According to Harland Williams' biography, the Toronto-born comic started telling jokes as a way to cope with the passing of his father, who allegedly was killed by a dead crow that fell from the sky. The bird's beak supposedly pierced the farmer's skull, and he "dropped like a sack of wet catfish fungus." Sure, this tale's likely as tall as the Empire State Building, but given Williams' offbeat persona, it's only appropriate that he has a little fun with his bio. After all, this is a guy who's worked with Tom Green, Jim Carrey, and Bruce McCulloch -- all fellow Canucks -- as well as Dave Chappelle and the masters of moronic filmmaking, the Farrelly Brothers. That's quite some comical company Williams keeps, and it's only part of his varied résumé. Williams starred in the WB network's Simon, played Geena Davis' co-worker on The Geena Davis Show, and did voice-overs for the animated shows Sammy, Ned's Newt, and Gary and Mike. And that's just the acting. Williams is also a prolific painter and author, with a hefty collection of acrylics and several illustrated children's books. Yes -- children's. Keep that in mind as you watch him take the stage, in case you have any illusions that his comedy bit is a series of cheap anecdotes and one-liners. Williams is a natural-born funnyman. His standup act does what a lot of comics try hard to avoid -- it tackles serious issues like abortion, drugs, and even war. OK, so maybe he did support the invasion of Iraq, and maybe he rails against moral decay (a comedic no-no). But Williams isn't just some blowhard Dennis Miller-type out to put down those bleeding-heart Hollywood liberals, and unlike Miller, you don't need an encyclopedia to understand what the hell he's talking about. Williams actually cares, and that says a lot in a culture that touts cynicism and insincerity as a virtue. Williams performs tonight through Sunday at the Palm Beach Improv at CityPlace (550 S. Rosemary Ave., Ste. 250, West Palm Beach). Tickets cost $18.02 to $21.02. Call 561-833-1812. --Jason Budjinski
Try Some Rock Lobster
The recent passing of beloved food maven Julia Child left us with one fewer celebrity chef to mimic while we prepare our evening meal. But then again, she never rocked out with a guitar solo between dishes -- like the Sauce Boss, Bill Wharton. The sauce man has been singin' the blues since he found a vintage steel guitar in front of his house three decades ago. However, Wharton's equal love of cooking led him to realize the two need not be separate, and both became part of his live act. Marilyn Manson can keep his freak show; the Sauce Boss has what we really want -- gumbo! That's right; the Sauce Boss offers not only a full set of grade-A Florida blues but audience members get a free helping of gumbo as well. And Wharton doesn't stop there; he's even set up his own nonprofit organization, Planet Gumbo, which donates gumbo to homeless shelters. So put that in your pot and stir it. Wharton cooks it up tonight at 9:30 at the Bamboo Room (25 S. "J" St., Lake Worth). The cost is $15. Call 561-585-2583. -- Jason Budjinski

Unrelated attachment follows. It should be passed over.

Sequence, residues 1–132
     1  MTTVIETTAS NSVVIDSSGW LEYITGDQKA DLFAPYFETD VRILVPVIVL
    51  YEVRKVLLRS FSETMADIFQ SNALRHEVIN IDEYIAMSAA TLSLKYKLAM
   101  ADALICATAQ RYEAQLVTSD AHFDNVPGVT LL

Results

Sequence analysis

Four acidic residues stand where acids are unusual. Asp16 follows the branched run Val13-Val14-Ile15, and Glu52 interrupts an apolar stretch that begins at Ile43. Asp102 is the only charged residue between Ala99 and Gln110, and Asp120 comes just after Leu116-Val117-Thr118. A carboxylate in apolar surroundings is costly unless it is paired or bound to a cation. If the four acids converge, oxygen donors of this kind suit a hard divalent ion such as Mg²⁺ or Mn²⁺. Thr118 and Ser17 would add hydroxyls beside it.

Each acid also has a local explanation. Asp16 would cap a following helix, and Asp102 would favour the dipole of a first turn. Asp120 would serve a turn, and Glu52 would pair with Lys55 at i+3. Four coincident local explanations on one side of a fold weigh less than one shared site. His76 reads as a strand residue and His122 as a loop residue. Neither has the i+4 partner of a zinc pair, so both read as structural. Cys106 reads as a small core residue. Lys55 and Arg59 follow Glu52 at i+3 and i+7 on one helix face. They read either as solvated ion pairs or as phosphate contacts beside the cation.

Carnival of carnage
Dog Fashion Disco is every bit as strange as its name implies. But while said name invokes images of roller-skating poodles dressed in gold lamé, there's more vice than nice, hence the band's term for its style -- evil circus music. If there's any kind of link between heavy metal and new wave, Dog Fashion Disco has found it and subsequently beat the hell out of it. The band fuses the hard-edged with the trippy and experimental. The result is songs like "Dr. Piranha," an equal mix of chunky alt-metal and quirky synth-rock, and "Love Song for a Witch," which sounds as if Slayer got lost at a carnival fun house. And don't forget the band's Def Leppard piss-take, "Pour Some Urine on Me." Uh, no thanks, guys. Dog Fashion Disco performs tonight at the Culture Room (3045 N. Federal Hwy., Fort Lauderdale). The show starts at 8 p.m. with Tub Ring, Bad Acid Trip, and Dr. Gonzo's Bazooka Circus. Tickets cost $5 to $10. Call 954-564-1074. --Jason Budjinski
It's not a long stretch from vaginas to war, at least not for Vagina Monologues author Eve Ensler. Her new play, Necessary Targets (see review on page 37), explores the aftermath of war, based on Ensler's interviews of women in Bosnian refugee camps. According to Women's Theatre Project President Meredith Lasher: "People often think of war as being a guy thing, but it is women who suffer the most. We wanted to pay homage to the women, to what's happening now in the Sudan and Afghanistan. Same shit, different war." That kind of humor is apparent in the play. When a French cosmetics company sends samples of a facial cleanser to the camp, one of the refugees quips, "Leave it to the French to think of facial cleansing in the middle of ethnic cleansing." Tickets cost $10 to $20, and the play runs from Thursday through Sunday at Miami-Dade College North Campus Black Box Theatre (11380 NW 27th Ave., Miami). Call 305-327-1438. -- Karen Dale Wolman
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